For years I missed the word “violent” when referring to the sound of wind.  I remember being on Cape Cod when Hurricane Bob “whirled” through.  We had boarded up the house and sat with the radio on (since there was no electricity).  My friend’s dogs were quite anxious and agitated and panted through the whole event.  In the end, the hurricane force, violent winds, hadn’t damaged our neighborhood as much as it had other places.

The church I was serving had not been damaged, but the effects of “Bob” were much more visible since the hurricane had traveled up the Cape Cod Canal.  I remember the sound.  The wind was so strong that it shook the house, brought down trees – actually uprooting some – and it left some destruction in its wake.  Fortunately, no lives were lost because, for the most part, people paid attention to the weather people who kept informing us about how to deal with a hurricane and to be sure we were prepared.

At one point, when the eye of the hurricane was overhead, we stepped outside.  The sky was an eerie yellow color, and it was so calm that we could have heard a pin drop.  When the back end of the hurricane came through, the winds were even stronger.  We were thankful that we only lost power for a short amount of time, and it gave me the opportunity to travel to the church to see how things were there.

Because we didn’t have electricity in the entire area, we ended up getting the word out that people could come to the church where we would pool our food and grill whatever people wanted to bring.  The church’s kitchen had a gas stove, and several people brought their gas grills.  One woman brought everything she had from her freezer because it had thawed, so we gathered as church and community to share a meal by candlelight in the basement of the church.  Community was built, and laughter filled the room.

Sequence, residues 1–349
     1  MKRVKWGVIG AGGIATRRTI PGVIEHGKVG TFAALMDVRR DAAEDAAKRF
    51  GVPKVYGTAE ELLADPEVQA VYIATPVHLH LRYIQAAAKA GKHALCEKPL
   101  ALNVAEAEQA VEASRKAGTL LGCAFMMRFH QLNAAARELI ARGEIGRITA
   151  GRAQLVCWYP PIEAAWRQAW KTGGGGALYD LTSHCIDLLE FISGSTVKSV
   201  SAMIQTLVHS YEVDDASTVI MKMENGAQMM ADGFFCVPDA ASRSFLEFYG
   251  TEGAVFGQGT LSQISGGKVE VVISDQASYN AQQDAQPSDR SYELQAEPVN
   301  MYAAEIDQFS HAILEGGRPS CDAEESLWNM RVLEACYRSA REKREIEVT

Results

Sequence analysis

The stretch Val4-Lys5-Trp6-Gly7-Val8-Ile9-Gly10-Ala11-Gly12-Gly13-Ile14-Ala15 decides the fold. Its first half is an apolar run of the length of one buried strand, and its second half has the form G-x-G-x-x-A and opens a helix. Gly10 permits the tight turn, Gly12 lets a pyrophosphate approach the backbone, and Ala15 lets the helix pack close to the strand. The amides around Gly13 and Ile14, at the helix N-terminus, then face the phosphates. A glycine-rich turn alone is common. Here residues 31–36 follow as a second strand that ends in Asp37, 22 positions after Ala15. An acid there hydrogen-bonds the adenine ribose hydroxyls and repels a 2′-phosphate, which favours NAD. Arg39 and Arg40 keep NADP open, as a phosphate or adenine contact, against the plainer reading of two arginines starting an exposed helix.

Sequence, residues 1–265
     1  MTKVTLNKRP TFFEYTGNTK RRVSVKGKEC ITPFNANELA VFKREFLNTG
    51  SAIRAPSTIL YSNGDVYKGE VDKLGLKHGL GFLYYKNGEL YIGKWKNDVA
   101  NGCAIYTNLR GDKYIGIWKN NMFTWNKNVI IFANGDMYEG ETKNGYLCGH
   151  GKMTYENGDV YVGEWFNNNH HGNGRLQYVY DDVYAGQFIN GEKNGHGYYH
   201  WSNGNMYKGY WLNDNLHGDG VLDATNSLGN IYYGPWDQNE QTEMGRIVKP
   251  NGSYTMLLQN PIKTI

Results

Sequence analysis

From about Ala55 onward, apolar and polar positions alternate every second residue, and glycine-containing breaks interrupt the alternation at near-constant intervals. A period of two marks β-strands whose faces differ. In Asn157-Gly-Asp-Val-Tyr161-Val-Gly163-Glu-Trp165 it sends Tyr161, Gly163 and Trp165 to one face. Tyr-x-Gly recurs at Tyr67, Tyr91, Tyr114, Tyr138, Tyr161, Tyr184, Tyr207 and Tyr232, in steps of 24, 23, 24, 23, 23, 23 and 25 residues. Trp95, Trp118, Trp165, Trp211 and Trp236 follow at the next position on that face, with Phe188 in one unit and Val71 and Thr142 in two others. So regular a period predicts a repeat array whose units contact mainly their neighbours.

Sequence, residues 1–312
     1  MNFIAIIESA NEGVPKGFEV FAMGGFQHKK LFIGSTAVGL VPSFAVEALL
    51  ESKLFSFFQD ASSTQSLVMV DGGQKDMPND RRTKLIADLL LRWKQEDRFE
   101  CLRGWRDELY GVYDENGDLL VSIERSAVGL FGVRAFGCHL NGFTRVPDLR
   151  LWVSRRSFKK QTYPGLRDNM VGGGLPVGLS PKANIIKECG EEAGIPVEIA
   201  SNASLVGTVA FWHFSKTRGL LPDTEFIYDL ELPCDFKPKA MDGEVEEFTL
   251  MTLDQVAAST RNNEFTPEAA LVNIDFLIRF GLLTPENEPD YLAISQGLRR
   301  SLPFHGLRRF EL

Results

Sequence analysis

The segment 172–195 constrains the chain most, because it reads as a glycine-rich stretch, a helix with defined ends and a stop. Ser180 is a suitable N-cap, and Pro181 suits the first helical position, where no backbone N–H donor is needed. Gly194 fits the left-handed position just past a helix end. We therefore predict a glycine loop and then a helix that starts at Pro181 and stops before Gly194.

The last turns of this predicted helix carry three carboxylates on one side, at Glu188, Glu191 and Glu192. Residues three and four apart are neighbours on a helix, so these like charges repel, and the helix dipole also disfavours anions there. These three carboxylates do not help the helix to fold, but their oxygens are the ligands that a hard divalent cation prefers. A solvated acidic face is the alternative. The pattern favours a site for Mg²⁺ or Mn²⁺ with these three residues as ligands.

I wonder.  What if the hurricane had not come through.  Would we have found the same connection somewhere along the way?  Or did the “negative” of the hurricane open doors for people to share and laugh and eat and enjoy together?  It seems to me that the latter is what happened.

What if the disciples hadn’t trusted what Jesus asked them to do?  The church wouldn’t exist today.  In spite of all the negatives in the news and from folks who see organized religion as an outdated institution that has little to offer, “Church” really boils down to the people.  The Spirit is at work in our churches – at least a fair number of them.  The Spirit TRIES to be at work in others.

What if – what if we really embraced this Sunday’s message that the Church – that means all of us – can really share the powerful message in the world.  What if the rush of a violent wind were to sweep through our churches this Sunday and send us spilling into the streets, anxious to go home, to work, to our families, to our friends, to our other organizations and really live out our faith in the world?  What if we really believed that the Spirit would open doors for us to connect together and with others as we seek to be faithful in our walk with Jesus, the Christ?

What if we trusted Jesus’ instructions and teachings so that we can truly BE the church in the world?  What if we stopped being afraid of sharing our faith?  What if we allowed ourselves to be “blown away” by the Spirit?

What if?

Come, Holy Spirit

They were all filled with the Holy Spirit and began to speak in other languages as the Spirit enabled them to speak.”  Acts 2:4 (CEB)

There are times when I wish we could have the same experience as the disciples did.  Well, in many ways some of DO have experiences of the Holy Spirit that fill us and empower us to speak with wisdom and insight.  Yet, it seems to me that there are also times when we could use a good infusion of a powerful wind and tongue as of fire to wake us up and get our attention.